Eugster has said many times that the county needs to get tougher on white-collar crime. Many have interpreted that as Eugster's promise to keep after the River Park Square deal in any way, shape or form, but he has other types of criminal activity in mind, too.
"White-collar crime is a real problem. We have problems with meth houses and elder abuse, and so-called mortgage swapping is a big deal. I have clients who have been affected by that," he says.
Harris, who's always been a strong supporter of the sheriff's department and of law enforcement in general, says the prosecutor's office is getting plenty of support.
"In the time I've been on the board, we've given the prosecutor at least 12 people, and more money than ever before," he says. "And we've given superior court another 18 people and the sheriff's department at least 68 people. These are areas that have always been important to me. It's one of our most important roles that people feel safe."
Apparently, Eugster still doesn't think the county is doing enough. "[County prosecutor] Tucker doesn't have the resources to really do anything about white-collar crime, so we need to help that office," he says.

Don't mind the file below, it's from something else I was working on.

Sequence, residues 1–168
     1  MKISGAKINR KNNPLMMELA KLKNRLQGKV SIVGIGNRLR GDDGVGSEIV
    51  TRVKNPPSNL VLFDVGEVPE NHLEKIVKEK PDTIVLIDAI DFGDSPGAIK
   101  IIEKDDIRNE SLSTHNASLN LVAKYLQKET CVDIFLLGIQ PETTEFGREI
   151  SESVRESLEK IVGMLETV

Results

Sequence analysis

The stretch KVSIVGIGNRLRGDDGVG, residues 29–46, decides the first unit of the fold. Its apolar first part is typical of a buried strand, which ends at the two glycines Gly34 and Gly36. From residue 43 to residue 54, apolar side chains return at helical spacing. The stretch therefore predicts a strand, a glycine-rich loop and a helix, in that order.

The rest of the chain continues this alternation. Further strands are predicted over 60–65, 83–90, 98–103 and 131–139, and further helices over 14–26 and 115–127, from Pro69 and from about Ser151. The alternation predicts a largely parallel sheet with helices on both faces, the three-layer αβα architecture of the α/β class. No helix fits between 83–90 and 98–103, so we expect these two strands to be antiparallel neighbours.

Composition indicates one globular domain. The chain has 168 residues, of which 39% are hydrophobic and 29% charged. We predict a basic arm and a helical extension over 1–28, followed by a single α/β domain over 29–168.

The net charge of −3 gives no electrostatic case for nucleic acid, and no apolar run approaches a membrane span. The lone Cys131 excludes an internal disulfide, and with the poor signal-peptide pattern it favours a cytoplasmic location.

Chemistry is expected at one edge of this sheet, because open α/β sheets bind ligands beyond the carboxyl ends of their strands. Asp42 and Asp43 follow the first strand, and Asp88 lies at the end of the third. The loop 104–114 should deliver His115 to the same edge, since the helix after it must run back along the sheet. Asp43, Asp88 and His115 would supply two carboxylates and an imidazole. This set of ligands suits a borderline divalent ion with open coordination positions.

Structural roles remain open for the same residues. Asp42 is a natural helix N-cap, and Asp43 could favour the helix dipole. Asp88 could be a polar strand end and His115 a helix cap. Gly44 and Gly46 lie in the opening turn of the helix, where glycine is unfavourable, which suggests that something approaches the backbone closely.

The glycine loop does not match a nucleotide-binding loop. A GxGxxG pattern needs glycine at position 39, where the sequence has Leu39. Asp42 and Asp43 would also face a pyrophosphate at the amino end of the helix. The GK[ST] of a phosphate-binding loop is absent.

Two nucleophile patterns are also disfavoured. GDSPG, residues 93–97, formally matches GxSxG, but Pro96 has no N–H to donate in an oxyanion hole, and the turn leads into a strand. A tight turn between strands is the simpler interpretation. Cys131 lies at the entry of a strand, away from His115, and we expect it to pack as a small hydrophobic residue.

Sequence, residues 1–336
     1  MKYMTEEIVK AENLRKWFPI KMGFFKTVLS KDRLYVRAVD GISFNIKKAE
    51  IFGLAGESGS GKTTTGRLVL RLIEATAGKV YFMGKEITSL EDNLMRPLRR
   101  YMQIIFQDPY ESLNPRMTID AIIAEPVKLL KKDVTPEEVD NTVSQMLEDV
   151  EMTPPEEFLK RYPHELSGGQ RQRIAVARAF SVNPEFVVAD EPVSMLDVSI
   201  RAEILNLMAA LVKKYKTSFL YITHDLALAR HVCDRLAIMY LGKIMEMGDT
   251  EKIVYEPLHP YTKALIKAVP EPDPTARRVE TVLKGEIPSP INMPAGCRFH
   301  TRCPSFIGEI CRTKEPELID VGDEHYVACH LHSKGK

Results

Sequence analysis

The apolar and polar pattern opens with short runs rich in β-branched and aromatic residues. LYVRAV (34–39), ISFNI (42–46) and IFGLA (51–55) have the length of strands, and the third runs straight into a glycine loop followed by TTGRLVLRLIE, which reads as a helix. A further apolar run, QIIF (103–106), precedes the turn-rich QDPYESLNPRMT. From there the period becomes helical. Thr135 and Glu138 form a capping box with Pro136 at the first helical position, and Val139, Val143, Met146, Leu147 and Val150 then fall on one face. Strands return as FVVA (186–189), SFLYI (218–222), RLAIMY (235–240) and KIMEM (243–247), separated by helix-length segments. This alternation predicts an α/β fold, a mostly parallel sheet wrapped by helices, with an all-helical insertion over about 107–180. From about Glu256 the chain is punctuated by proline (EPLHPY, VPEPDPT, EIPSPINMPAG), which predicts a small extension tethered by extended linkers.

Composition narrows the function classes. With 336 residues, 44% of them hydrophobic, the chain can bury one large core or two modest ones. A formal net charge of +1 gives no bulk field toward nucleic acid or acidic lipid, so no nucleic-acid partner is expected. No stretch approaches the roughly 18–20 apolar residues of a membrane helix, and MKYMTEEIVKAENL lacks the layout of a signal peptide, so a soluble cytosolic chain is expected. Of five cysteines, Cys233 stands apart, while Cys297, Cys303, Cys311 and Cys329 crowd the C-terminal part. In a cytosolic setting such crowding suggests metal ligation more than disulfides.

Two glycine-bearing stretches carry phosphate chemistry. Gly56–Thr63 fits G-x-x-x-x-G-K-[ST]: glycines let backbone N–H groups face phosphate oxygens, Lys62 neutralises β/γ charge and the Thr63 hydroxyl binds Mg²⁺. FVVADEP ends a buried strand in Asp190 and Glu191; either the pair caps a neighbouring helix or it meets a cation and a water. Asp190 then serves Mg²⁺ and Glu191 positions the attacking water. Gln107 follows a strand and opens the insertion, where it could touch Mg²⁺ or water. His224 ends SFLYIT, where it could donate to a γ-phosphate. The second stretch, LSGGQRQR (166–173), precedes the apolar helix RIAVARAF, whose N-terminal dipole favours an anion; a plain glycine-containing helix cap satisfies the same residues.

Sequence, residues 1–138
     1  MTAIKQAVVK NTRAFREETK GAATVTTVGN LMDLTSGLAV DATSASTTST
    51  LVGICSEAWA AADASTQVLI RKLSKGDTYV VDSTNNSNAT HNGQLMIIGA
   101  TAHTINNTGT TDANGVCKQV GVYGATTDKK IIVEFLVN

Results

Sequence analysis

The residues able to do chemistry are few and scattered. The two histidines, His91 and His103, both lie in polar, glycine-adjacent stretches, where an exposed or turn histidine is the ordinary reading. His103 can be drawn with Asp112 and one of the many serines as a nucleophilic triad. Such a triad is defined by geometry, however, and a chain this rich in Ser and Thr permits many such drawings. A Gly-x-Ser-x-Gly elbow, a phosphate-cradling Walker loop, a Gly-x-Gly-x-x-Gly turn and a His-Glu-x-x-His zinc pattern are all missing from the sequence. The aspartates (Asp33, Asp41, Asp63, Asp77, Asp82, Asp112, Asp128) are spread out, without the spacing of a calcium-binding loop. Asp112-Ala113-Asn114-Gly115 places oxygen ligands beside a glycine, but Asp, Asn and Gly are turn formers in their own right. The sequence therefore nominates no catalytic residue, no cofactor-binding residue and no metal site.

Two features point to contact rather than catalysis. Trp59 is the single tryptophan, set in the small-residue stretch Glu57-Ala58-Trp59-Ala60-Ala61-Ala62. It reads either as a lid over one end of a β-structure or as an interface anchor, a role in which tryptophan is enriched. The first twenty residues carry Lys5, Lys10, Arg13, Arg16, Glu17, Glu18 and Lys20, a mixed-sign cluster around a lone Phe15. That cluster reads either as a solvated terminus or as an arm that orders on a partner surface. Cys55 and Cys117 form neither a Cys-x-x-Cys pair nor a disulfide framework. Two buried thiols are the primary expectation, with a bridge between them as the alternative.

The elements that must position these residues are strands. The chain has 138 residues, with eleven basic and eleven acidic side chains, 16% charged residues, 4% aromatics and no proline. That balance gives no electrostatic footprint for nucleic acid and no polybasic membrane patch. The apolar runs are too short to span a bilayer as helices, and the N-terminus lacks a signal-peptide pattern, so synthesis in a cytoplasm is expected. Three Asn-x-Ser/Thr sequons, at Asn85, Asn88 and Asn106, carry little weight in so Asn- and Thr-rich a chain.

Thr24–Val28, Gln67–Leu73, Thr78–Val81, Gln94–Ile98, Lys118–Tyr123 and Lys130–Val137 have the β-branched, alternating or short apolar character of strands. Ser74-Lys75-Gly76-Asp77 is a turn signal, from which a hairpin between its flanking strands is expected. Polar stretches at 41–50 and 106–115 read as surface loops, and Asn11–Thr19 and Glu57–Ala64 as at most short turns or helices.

It's hard to argue with a guy who really, really wants a monorail. And Harris sees a raised railway as the right solution for mass transit in Spokane.
"Light rail is not the way to go," says Harris. "Why would you want that cutting through downtown, with the rails and the cars waiting in line as the train passes. A monorail has none of that."
And then there's the coolness factor.
"Heck, people might even ride it for the fun of it and take pictures, just like in Seattle," says Harris, who doubts that the current light rail plan would help anyone.
"People in Liberty Lake, for instance, would still have to drive to the stations and wait there for the train," he says. "Before you know it, they could have driven downtown in half the time. If you took it out to the airport, at least that would help the businesses downtown, because visitors could take the train down here."
Eugster isn't in favor of light rail either.
"I don't know, I guess I'm just not convinced it's the right thing for Spokane," he says.
And both agree that changes are needed in the way the Spokane Transit Authority is run.
"I think the county commissioners should take responsibility for STA. I'm not too pleased with the special board; it's a system-driven board, and the commissioners could do a lot better job of running it," says Eugster. He'd also like to expand the area STA covers, so that the transit authority could draw in more sales tax revenue.
"I am in favor of this fall's STA initiative -- but on one condition: that the money is used to expand the system," says Eugster. If the initiative passes, however, the incoming money would be used to basically maintain the status quo.